In case you were wondering, the translation of the banner on my book cover is "God finds the mouth to tell you what you need to hear."


Birdskin birth

I'm getting close to the moment of submitting my manuscript for e-book formatting.  There is something slightly dodgy about being a self-publisher - a bit like Lonely Hearts columns used to feel before the internet.  Do you remember when the classifieds were considered the refuge of Cupid's failures - those who couldn't hack the real world of hard-core, face-to-face dating combat?  Even if you'd met George Clooney through a small ad you would never have admitted it, and any friends who knew would be sworn to secrecy.  I tried it once and only felt able to tell my hilarious tale once safely in a relationship - thus proving I wasn't a saddo. 
Now the whole world meets online and no-one thinks any less of them.  So I'm hoping that very soon I won't have to follow "I'm publishing an e-book," with "because..." and a garbled apology.  As anyone can self-publish - the smartmouths will say - then anyone will, and then who will separate the wit from the chav?   Those of us who didn't manage a deal will just yawn and remind you of Lionel Shriver's "We Need to Talk About Kevin" which was rejected by dozens of well-known publishers (before eventually being picked up by a small press who I believe paid her no advance and had no publicity budget) while her other six published books, made her no money at all! Still I wouldn't say no to a six figure deal and a promotional tour if anyone is offering.


So what's it about?

Born with feet so sensitive they can even feel the restless shifting of the earth, Joey Pachuca is king of the highwire, thrilling crowds in the Mexican circus, but he carries a secret. He may have changed his name, but the tragic events that caused him to run away from Ireland all those years ago will not let him go.
An adult fairytale, The Birdskin Shoes is a lyrical story of love, loss and earthquakes that transports the reader from the grey skies of rural Ireland to the dazzle of the Mexican circus in the company of Joey, a young man with a remarkable gift but a guilty conscience.

This novel was inspired by a conversation in a taxi on the way to Sevenoaks with an Iranian acrobat who had beautiful feet.  He was the driver and I found out all about his life, how he'd left Iran to make his fortune and ended up in the circuses of Las Vegas before coming to the UK and marrying an English girl. I was on my way to a writing weekend so I began to write a story about him,  "The Seismic Acrobat of Tehran." In the story - which I never quite finished, the rulers of Iran insist that all its acrobats have to spend a day a month on one of its faultlines "listening"  for earthquakes.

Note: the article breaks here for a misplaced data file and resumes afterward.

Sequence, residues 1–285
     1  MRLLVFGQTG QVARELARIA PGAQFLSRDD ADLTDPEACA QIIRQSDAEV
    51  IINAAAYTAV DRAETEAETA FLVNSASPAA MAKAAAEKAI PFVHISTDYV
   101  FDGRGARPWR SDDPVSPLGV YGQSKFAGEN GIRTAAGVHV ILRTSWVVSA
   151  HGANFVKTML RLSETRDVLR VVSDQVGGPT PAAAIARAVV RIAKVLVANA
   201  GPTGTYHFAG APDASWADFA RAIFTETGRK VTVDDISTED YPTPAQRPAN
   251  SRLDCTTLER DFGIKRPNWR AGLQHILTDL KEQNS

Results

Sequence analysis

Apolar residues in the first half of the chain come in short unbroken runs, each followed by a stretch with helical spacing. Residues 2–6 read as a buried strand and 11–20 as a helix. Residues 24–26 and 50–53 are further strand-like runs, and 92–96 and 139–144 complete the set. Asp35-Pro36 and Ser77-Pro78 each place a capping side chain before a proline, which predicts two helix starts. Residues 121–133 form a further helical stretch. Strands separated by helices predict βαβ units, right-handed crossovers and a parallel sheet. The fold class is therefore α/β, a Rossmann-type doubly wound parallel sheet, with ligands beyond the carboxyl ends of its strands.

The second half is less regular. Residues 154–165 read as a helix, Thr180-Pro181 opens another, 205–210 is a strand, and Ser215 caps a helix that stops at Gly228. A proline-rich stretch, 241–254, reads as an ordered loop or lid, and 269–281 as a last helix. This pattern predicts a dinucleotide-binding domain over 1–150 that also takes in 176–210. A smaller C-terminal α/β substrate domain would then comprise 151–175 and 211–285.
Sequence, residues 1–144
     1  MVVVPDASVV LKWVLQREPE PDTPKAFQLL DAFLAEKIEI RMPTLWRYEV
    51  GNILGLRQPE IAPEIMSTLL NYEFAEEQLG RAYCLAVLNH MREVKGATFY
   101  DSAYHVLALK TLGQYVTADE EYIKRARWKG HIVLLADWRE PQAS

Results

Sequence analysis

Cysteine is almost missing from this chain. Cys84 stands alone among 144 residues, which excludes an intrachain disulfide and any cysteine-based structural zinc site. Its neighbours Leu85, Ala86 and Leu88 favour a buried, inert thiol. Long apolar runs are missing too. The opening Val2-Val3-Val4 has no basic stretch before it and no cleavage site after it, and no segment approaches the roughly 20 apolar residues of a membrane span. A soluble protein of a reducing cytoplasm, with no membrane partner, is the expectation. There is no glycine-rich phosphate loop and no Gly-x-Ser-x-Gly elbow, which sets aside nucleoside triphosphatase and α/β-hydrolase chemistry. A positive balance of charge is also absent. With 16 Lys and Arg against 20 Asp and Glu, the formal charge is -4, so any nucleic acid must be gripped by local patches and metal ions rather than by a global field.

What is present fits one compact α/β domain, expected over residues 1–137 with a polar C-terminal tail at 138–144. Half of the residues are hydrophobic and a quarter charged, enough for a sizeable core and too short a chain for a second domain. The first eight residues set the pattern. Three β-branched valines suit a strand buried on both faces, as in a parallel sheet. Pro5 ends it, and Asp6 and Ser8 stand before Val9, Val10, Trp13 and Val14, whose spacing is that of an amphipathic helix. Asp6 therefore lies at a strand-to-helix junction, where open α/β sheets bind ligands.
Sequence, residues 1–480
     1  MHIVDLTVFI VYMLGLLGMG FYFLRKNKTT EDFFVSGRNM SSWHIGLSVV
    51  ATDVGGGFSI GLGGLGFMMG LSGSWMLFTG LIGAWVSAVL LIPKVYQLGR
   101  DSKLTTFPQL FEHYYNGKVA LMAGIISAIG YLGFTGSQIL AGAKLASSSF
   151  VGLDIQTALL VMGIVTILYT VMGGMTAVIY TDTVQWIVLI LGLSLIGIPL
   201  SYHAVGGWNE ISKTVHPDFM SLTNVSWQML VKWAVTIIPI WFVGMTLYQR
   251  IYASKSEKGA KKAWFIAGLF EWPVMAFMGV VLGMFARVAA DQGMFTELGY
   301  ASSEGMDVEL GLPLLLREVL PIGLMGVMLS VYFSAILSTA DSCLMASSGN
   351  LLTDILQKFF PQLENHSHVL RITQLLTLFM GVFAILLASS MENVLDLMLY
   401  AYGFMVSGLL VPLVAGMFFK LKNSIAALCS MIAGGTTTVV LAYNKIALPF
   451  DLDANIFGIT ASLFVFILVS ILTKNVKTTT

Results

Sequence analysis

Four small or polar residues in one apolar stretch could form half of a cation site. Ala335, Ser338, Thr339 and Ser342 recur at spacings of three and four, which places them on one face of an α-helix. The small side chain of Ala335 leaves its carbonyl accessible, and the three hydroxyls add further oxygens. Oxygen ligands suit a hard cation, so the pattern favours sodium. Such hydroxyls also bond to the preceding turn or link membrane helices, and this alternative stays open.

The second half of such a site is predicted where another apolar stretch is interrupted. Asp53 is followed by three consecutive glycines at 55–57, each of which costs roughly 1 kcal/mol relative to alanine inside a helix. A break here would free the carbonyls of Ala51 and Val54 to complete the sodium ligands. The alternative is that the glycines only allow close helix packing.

Over the following months the idea grew and moved location - I'd spent a year in Mexico and knew how volatile a landscape it was - and decided to set the story there.  In 1995, when I lived in San Miguel de Allende, I'd  seen a solitary caged lion being towed through the streets by a van with a loud hailer announcing the arrival of a new circus in town.  This image of a forlorn lion in a battered cage stayed with me.
I'd also been obsessed for years by the Irish poem Donal Og.  I first heard it spoken  in the film "The Dead"-a film based on the James Joyce short story of the same name.  The imagery of the poem is startling and the emotion raw (see below).
 I wove all these elements together into this novel.  My acrobat became an Irish boy with highly sensitive feet who flees Ireland after a violent incident and eventually ends up in a Mexican circus where he finds fame and fortune until...
An early draft was one of the finalists in the Spread the Word novel pitch competition in 2006.  Its taken a while to finish!  It's due out as an e-book mid-December.

Donal Og
It is late last night the dog was speaking of you
the snipe was speaking of you in her deep marsh.
It is you are the lonely bird through the woods;
and that you may be without a mate until you find me.

You promised me, and you said a lie to me,
that you would be before me where the sheep are flocked;
I gave a whistle and three hundred cries to you,
and I found nothing there but a bleating lamb.

You promised me a thing that was hard for you,
a ship of gold under a silver mast;
twelve towns with a market in all of them,
and a fine white court by the side of the sea.

You promised me a thing that is not possible,
that you would give me gloves of the skin of a fish;
that you would give me shoes of the skin of a bird;
and a suit of the dearest silk in Ireland
When I go by myself to the Well of Loneliness.
I sit down and I go through my trouble;
when I see the world and do not see my boy,
he that has an amber shade in his hair.

It was on that Sunday I gave my love to you;
the Sunday that is last before Easter Sunday.
And myself on my knees reading the Passion;
and my two eyes giving love to you forever.

My mother said not to be talking with you today,
or tomorrow, or on the Sunday;
it was a bad time she had for telling me that;
it was shutting the door after the house was robbed.

My heart is as black as the blackness of the sloe,
or as the black coal that is on the smith’s forge;
or as the sole of a shoe left in white halls;
it was you put that darkness over my life.

You have taken the east from me; you have taken the west from me;
you have taken what is before me and what is behind me;
you have taken the moon, you have taken the sun from me;
and my fear is great that you have taken God from me!

ANON from the Irish (trans’. Lady Augusta Gregory)